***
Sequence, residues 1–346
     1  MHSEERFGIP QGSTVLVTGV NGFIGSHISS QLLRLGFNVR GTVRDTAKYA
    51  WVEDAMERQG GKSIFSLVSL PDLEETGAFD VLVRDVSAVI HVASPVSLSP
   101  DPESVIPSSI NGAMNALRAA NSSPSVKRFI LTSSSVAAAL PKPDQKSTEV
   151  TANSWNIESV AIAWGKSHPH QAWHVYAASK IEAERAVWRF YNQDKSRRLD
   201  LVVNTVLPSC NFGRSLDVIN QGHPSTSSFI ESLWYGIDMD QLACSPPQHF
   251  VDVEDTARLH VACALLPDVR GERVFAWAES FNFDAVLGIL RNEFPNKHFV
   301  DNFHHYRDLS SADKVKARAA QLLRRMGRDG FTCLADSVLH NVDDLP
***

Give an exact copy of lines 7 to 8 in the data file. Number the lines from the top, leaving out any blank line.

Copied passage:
   251  VDVEDTARLH VACALLPDVR GERVFAWAES FNFDAVLGIL RNEFPNKHFV
   301  DNFHHYRDLS SADKVKARAA QLLRRMGRDG FTCLADSVLH NVDDLP